Visa investigation finds no proof of WikiLeaks breaking law

A company asked by Visa to investigate WikiLeaks’ finances found no proof the group’s fundraising arm is breaking the law in its home base of Iceland, according to a document obtained by The Associated Press.

But Visa Europe Ltd. said Wednesday it would continue blocking donations to the secret-spilling site until it completes its own investigation. Company spokeswoman Amanda Kamin said she couldn’t say when Visa’s inquiry, now stretching into its eighth week, would be finished.

When it announced its decision to suspend WikiLeaks donations on Dec. 8, Visa said it was awaiting an investigation into “the nature of its business and whether it contravenes Visa operating rules” — though it did not go into details. The Norway-based financial services company Teller AS, which Visa ordered to look into WikiLeaks and its fundraising body, the Sunshine Press, found no proof of any wrongdoing.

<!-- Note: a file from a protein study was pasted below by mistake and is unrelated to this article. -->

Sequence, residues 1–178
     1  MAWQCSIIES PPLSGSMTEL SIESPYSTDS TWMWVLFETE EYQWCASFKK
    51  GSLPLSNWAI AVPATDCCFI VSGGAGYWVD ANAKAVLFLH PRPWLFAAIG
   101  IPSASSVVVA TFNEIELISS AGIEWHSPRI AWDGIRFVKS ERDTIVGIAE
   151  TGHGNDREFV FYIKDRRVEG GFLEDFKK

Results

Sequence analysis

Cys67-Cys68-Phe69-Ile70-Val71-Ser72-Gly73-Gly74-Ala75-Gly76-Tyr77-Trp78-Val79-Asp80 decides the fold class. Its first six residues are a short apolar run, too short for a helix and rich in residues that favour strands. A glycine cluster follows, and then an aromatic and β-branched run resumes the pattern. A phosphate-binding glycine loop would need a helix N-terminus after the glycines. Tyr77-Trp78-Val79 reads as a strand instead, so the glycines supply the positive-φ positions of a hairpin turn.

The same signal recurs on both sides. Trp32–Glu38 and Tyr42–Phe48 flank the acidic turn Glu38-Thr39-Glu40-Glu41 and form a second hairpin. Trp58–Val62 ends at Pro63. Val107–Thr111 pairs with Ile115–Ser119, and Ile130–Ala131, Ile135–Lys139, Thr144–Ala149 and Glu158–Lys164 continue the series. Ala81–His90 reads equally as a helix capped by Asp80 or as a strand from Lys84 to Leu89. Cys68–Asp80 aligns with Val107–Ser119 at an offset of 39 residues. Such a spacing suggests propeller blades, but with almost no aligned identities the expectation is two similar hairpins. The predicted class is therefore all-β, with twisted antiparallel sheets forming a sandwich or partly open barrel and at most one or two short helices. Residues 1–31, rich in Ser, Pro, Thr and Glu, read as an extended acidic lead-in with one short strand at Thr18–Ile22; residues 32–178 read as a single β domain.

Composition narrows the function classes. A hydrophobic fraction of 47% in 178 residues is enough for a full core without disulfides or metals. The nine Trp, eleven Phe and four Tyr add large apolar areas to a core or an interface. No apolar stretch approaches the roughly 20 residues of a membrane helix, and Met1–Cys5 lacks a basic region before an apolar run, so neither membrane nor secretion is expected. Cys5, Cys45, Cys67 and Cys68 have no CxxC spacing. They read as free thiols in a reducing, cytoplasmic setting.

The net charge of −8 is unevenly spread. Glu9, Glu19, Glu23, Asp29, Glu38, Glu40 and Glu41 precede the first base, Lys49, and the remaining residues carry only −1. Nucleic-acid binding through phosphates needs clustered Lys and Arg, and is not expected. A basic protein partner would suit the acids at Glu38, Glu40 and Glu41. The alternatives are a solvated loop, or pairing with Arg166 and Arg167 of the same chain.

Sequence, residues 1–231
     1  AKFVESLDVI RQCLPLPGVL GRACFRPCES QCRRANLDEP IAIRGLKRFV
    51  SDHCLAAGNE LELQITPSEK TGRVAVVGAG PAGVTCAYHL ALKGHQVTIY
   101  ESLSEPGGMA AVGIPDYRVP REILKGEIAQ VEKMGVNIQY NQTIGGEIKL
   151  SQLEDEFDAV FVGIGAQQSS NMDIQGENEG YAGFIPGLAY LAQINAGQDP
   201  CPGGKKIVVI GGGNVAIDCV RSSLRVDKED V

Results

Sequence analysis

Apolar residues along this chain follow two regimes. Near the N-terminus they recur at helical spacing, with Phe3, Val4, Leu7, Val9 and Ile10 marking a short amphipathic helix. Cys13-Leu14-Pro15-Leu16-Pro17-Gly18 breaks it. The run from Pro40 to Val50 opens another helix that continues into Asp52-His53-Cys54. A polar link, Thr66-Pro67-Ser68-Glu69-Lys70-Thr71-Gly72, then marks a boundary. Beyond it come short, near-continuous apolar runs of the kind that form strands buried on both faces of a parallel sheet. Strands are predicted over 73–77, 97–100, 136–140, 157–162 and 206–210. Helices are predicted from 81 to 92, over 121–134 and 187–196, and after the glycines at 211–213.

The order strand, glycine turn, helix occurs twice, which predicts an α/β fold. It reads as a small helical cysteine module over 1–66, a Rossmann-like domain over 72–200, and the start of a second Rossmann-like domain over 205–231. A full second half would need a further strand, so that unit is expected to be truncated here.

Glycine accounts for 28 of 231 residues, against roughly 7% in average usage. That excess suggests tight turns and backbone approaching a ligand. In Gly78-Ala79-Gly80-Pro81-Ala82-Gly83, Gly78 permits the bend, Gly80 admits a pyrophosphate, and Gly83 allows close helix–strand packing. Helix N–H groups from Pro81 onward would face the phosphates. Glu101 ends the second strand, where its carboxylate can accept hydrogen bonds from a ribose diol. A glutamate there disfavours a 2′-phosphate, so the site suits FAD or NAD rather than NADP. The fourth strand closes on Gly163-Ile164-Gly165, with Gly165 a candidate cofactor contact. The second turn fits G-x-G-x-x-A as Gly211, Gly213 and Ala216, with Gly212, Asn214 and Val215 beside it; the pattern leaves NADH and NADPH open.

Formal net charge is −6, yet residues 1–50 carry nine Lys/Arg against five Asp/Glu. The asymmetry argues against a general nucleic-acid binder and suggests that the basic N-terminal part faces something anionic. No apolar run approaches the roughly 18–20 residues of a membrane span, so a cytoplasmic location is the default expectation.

“Our lawyers have now completed their work and have found no indications that Sunshine Press … acted in contravention of Visa’s rules or Icelandic legislation,” Teller’s chief executive Peter Wiren said late last month in a letter obtained by the AP.

The two-page document said that Teller stood ready to process payments to WikiLeaks — but only if Visa gave the go-ahead. Teller confirmed the letter’s authenticity Wednesday.

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